International students say it’s hard to understand U.S. vaccine hesitancy

BYU international student Santiago Vega from Mendoza, Argentina studies for his engineering class. He said the general attitude toward vaccinations in America is very different compared to the attitudes people in Latin America have. (Nefi Treviño)

Some international students at BYU are puzzled at the hesitancy of Americans in getting vaccinated. Many international students have seen a positive approach toward getting vaccinated in their home countries, which contrasts some American viewpoints about the COVID-19 vaccine.

For many international students at BYU who wanted to return to their home countries for summer this year, receiving the vaccine was necessary. The U.S. is one of the only countries in the world with enough doses to fully vaccinate its population. International students are bewildered at why there is such so much hesitation to get vaccinated when in other countries, people have to get on long waitlists and even travel long distances for one single dose. 

“It’s just weird to me seeing how many Americans are anti-vaxxers,” said Nico Orrego, a pre-business major from Santiago, Chile. Orrego’s friends and family in Chile all had to wait weeks to get vaccinated. People his age are now receiving their second dose, after the elderly and those with underlying health conditions such as asthma, pulmonary hypertension, and other lung diseases were the first recipients of the vaccine.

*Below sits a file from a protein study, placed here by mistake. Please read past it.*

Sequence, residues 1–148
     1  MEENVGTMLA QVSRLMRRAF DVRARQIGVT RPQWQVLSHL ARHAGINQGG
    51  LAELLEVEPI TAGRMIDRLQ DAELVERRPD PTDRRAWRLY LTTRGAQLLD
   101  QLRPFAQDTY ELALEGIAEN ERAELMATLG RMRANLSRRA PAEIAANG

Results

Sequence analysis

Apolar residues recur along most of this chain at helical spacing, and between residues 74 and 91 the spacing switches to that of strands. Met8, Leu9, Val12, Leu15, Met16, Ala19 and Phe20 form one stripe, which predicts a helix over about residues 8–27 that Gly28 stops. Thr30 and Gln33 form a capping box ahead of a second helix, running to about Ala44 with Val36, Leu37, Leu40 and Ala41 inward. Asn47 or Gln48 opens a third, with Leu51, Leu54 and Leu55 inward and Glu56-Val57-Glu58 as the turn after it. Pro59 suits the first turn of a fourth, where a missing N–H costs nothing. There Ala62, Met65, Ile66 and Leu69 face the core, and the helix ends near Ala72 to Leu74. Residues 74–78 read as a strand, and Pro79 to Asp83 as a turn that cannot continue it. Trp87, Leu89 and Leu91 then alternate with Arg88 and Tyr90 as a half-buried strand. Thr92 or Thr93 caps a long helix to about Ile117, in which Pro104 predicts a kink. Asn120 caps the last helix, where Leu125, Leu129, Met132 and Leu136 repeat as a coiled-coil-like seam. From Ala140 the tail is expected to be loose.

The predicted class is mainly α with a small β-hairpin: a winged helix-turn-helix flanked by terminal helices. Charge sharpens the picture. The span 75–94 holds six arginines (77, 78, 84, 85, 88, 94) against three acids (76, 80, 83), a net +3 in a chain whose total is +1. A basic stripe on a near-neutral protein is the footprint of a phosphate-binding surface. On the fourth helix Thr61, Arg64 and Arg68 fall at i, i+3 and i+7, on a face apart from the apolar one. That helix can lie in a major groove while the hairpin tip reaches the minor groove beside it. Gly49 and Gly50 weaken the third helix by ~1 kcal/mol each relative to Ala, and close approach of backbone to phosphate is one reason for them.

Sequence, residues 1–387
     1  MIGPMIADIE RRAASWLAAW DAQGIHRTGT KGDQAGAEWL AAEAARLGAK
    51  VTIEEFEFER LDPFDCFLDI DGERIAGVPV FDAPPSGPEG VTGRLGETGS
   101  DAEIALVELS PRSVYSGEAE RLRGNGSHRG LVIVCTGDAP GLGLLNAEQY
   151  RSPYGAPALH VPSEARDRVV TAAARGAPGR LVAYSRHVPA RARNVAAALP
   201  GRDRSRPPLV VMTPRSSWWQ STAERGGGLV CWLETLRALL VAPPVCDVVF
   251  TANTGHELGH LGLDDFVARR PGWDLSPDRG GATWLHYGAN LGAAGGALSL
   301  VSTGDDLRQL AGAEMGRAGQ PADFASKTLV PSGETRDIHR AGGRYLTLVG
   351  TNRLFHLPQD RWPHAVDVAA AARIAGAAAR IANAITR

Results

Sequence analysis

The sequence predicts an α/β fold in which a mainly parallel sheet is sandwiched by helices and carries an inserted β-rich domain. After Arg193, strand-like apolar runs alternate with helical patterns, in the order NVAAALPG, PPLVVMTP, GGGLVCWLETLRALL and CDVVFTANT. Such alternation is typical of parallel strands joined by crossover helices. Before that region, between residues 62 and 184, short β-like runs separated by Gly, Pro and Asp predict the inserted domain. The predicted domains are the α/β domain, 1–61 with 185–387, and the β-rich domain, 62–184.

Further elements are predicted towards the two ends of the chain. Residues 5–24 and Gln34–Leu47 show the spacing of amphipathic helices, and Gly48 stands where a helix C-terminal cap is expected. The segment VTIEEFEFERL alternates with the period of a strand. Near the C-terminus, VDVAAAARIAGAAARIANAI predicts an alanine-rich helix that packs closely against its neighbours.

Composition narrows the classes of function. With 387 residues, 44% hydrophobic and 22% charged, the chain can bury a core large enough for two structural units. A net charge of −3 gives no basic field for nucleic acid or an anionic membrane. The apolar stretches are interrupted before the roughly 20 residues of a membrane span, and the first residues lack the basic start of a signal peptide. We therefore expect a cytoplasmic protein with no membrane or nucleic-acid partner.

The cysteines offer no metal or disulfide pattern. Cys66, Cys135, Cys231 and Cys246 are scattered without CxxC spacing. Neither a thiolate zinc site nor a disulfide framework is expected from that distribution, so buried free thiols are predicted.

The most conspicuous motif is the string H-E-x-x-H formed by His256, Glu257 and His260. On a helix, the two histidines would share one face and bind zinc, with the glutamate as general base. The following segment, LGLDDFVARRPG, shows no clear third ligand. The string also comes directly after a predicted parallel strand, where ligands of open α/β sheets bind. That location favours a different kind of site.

Santiago Vega, a civil engineering major from Mendoza, Argentina, contrasts vaccination hesitancy in the U.S. with attitudes in his own country.

“Even after being fully vaccinated, we still have to quarantine at home for two weeks,” Vega said. “I feel like people in Latin America want to get vaccinated as soon as they can in order to prevent the spread of the virus but here in the U.S., it seems like people just want to get the vaccine so they can go out and have fun.”

Finance major Kyle Klintworth from South Africa said he feels like Americans are quicker to jump to conclusions. “It kind of seems like they just think that they’re being tricked.”

According to several international students, with the rise of misinformation and conspiracy theories surrounding the COVID-19 vaccine, some Americans have started to become more skeptical and gullible. Orrego said he recognizes that people in the United States have it easy when it comes to getting vaccinated. So many pharmacies, stores and centers offer the vaccine, but ultimately, the students said it is simply a matter of making it a priority and deciding what to believe.

“I really wish people would just get vaccinated. I mean science is real. Vaccines do work,” Klintworth said.

As of Sept. 14, 79.85% of BYU students and 81.87% of faculty and staff have received at least one COVID-19 vaccination according to BYU’s COVID-19 updates page.

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